Schroders avoids dividend cut despite hit to new business


British investment group Schroders avoided a dividend cut despite a hit to profits last year because of a fall in new business as the pandemic prevented face-to-face meetings with clients that dented growth.

The fund manager’s payout remained unchanged at 114p for the third year in succession as pre-tax profits fell 2.2 per cent to £610.5m last year. Adjusted pre-tax profits rose 0.2 per cent to £702.3m, above forecasts.

Net investor flows dropped to £42.5bn in 2020, just shy of 2019’s record haul of £43.4bn, while assets under management ended last year at a record £574.4bn, up 15 per cent.

Peter Harrison, group chief executive, said Schroders had delivered a “strong financial performance in 2020 despite the challenging environment”.

Shares dropped 2 per cent to £35.19 by mid-morning on Thursday in London trading, still up 5 per cent this year and a 67 per cent rebound from lows in March 2020.

Harrison said Schroders had enjoyed “strong demand” in the higher-growth areas of private assets, wealth management and solutions that account for more than half of the group’s total assets under management.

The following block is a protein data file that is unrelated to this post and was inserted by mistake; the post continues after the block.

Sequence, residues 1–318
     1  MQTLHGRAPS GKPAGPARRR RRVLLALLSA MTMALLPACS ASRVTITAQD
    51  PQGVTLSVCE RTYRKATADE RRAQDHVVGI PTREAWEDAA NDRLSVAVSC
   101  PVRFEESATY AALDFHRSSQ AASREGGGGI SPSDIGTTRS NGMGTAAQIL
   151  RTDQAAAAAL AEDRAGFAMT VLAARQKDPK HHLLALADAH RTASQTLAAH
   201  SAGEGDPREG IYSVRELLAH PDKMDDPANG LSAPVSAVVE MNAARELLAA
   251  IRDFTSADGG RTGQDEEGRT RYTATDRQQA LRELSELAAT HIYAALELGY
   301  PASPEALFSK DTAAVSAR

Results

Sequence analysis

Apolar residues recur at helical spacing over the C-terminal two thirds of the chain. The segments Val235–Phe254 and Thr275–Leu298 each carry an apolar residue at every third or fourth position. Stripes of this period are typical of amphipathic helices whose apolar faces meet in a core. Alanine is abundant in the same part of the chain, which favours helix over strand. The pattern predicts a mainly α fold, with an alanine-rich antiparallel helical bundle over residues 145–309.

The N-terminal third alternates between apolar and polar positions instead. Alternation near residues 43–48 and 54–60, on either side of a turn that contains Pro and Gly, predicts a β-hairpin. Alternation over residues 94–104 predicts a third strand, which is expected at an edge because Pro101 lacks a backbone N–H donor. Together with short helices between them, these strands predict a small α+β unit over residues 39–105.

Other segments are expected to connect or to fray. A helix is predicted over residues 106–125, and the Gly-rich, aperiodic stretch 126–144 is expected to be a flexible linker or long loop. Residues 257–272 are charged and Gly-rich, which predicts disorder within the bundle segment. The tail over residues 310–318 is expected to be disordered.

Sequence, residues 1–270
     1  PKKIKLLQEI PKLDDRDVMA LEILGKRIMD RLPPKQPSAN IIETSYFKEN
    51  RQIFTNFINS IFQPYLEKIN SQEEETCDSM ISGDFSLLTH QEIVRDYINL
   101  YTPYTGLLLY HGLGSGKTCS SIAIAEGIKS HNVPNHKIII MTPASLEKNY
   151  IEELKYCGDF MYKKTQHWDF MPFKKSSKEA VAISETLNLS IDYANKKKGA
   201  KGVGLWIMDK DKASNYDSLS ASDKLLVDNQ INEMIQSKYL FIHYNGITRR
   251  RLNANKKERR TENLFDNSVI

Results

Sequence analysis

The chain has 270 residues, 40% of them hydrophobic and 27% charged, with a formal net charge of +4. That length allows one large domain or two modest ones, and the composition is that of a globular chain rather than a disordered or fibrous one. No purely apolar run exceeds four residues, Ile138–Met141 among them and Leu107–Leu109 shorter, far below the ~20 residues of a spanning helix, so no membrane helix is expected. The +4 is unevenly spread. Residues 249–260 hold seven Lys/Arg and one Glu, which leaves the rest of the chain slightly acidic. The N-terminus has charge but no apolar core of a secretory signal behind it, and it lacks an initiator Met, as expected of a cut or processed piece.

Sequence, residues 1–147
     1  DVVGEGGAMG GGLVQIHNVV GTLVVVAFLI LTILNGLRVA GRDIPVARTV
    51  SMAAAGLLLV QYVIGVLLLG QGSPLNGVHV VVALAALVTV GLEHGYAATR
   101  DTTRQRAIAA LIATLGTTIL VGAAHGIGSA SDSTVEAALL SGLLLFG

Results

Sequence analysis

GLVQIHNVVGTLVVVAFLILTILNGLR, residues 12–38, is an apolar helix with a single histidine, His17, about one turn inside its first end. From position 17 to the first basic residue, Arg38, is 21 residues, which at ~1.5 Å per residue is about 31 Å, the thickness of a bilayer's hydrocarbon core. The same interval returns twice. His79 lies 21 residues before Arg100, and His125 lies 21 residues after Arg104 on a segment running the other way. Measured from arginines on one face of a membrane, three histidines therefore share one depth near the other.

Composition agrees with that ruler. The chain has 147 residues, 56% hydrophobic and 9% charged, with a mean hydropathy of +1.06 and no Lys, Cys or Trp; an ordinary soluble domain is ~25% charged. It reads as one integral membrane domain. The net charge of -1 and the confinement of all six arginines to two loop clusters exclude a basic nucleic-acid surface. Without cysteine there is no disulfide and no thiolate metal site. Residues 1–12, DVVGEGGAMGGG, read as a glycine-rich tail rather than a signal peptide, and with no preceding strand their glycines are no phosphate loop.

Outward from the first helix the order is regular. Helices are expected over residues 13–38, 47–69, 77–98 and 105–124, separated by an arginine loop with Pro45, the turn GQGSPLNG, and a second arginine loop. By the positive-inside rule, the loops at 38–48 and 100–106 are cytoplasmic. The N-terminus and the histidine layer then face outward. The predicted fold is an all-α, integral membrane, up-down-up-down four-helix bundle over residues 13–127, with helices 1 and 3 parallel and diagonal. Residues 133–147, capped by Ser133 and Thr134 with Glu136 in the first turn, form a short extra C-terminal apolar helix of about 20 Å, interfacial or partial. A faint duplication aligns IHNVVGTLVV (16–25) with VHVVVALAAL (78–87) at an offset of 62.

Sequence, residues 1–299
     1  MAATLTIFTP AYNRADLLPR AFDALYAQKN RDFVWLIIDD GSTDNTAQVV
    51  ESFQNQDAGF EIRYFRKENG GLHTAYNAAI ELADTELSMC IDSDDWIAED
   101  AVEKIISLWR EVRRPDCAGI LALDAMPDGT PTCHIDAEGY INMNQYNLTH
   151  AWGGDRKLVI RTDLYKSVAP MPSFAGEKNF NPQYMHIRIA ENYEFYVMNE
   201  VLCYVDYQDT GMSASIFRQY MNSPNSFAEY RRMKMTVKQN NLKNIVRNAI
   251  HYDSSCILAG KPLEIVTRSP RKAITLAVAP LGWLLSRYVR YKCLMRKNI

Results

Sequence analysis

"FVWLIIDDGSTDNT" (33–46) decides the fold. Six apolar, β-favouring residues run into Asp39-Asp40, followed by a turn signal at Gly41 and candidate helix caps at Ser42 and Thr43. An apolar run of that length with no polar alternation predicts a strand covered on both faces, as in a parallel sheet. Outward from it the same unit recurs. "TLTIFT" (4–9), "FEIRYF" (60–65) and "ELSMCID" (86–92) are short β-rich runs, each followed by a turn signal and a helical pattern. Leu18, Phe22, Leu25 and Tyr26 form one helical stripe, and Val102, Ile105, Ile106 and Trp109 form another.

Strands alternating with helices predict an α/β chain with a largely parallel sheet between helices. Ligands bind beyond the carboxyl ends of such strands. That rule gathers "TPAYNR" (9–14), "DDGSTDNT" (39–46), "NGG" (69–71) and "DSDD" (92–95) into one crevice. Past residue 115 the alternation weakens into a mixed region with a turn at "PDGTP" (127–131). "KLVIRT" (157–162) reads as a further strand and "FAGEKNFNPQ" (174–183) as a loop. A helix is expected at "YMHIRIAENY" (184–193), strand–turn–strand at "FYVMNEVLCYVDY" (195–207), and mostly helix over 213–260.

The company’s US business also reached the milestone of more than $100bn of assets for the first time by the end of last year.

But growth for Schroders’ institutional business stalled, with no net inflows in 2020 and retail clients pulled £3.1bn from its mutual fund range last year, reflecting the tough competition active managers face from low-cost index-tracking funds.

Tom Mills, an analyst at Jefferies in London, said more timely data for 2021 indicated that new inflows from retail investors had “turned the corner” with an improvement in the first two months of this year.

Wealth management, a higher profit area that Schroders has been expanding into, reported a disappointing decline in net new business to £1.7bn last year compared with £14.7bn in 2019.

Staff working in Schroders wealth management operations were unable to meet clients face-to-face for most of 2020 due to coronavirus restrictions, which hit new business growth.

Schroders Personal Wealth, a joint venture with Lloyds Bank that was launched in the fourth quarter of 2019, suffered net outflows of £0.2bn after client referrals were interrupted by the pandemic.

Harrison said that the “hard yards had been completed” in the set-up of the business and that SPW was “seeing a pick-up in demand” for advice with more client referrals from Lloyds that should translate into stronger new business growth in 2021.


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